While Tinker ruled in favor of the students with a small caveat, Bethel v. Fraser (1986) and Hazelwood v. Kuhlmeier (1988) both ruled in favor of the administration and forever altered the landscape of high school students’ expressive rights. The rulings in both cases were primarily supported by the restriction in Tinker, further displaying why one small speech restriction can evolve into a landslide of oppressive rulings. In Fraser, a student promoted a fellow student-government candidate at a student assembly by stating, “he’s firm in his pants, he’s firm in his shirt, his character is firm — but most . . . of all, his belief in you, the students of Bethel, is firm.” He was subsequently suspended. This was not his only sexually-tinted remark, but nevertheless his insinuations were far from explicit material. The school’s administration stated that his speech was “inconsistent with the shared values of a civilized social order,” and the Supreme Court ruled against the student.

Hazelwood is an even more outrageous case. There, a high school newspaper wanted to publish an article about teenage pregnancy, profiling two students who shared their experiences. Not only did the school administrators refuse to publish the article, they took the case all the way to the Supreme Court and won. The administration’s fear was that “the article’s references to sexual activity and birth control were inappropriate for some of the younger students.” They also cited the above quote from Fraser regarding “shared values” to support their claim.

Ironically, this is one of the many reasons why we have the freedom of speech in the first place — to challenge traditional societal values. When defending free speech on college campuses, we often point out that colleges are where students should confront new ideas. But why not in high school? With today’s availability of technology, many high school students are already exposed to controversial or explicit material. Censorship, especially in high school, is antiquated.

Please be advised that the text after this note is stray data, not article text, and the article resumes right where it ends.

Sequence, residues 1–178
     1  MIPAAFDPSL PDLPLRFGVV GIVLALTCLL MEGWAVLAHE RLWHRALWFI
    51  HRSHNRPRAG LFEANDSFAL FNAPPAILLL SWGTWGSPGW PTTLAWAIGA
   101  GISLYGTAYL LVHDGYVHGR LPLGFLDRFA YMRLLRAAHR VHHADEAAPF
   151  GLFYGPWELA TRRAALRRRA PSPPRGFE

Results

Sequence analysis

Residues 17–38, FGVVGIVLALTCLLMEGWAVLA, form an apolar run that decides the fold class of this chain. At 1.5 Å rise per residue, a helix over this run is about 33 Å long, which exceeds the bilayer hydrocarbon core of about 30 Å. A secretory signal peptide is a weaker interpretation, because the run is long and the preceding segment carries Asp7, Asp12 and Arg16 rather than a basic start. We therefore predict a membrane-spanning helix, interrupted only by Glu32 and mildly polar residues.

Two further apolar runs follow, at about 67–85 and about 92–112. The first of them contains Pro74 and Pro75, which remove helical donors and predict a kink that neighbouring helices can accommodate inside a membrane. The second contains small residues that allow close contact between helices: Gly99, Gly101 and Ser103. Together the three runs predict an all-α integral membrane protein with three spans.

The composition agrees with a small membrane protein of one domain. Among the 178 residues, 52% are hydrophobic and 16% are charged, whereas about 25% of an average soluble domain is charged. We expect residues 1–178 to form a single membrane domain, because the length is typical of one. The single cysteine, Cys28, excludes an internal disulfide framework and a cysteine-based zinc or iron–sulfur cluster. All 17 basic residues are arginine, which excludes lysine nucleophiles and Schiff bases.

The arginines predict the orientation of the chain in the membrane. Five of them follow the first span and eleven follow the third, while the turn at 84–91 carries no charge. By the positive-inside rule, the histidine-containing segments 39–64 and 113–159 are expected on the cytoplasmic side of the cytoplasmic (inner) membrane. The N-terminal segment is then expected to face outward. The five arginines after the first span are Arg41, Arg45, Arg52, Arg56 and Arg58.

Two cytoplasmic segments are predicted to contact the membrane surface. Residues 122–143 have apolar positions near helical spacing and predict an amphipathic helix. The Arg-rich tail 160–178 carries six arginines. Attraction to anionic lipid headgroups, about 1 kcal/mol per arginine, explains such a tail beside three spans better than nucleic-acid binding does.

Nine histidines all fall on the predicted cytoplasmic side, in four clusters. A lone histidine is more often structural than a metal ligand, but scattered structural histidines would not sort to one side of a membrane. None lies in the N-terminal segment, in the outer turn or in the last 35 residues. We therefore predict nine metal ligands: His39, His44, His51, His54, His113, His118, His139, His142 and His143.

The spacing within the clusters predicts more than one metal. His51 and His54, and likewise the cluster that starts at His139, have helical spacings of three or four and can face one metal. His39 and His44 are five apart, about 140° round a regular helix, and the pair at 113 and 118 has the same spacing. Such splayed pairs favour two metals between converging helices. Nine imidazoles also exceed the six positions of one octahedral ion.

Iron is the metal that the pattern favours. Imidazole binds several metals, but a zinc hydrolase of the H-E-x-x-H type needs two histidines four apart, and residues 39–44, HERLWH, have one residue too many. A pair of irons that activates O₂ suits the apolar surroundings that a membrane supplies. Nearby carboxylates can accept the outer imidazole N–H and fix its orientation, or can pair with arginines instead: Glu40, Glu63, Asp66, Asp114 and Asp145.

It’s considered reasonable for a high school administration to have some regulatory measures to maintain an orderly educational environment. However, the power to censor at will allows administrators to decide which political viewpoints and causes their students can espouse. This power cannot be underestimated, as it is one of the most powerful influences on our future. We should place more of this power among the students themselves, as it’s their future we are influencing.

I was extremely lucky in that I attended a high school that was far from draconian in regard to political expression. I was encouraged to express my views in class and discuss pertinent societal issues with my classmates. But for students who attend a high school with an overzealous administrator, they may fear that espousing their views will lead to punishment by the administration. In a country where we pride ourselves on our ability to do and say as we please as long as we are not harming anyone else, it is astonishing how little these freedoms are protected at the high school level. If we fail to introduce students to free speech in high school, their unfamiliarity with their rights may manifest later in calls for counterproductive censorship.

Lachlan Mersky is a FIRE summer intern and rising sophomore at the University of Pennsylvania.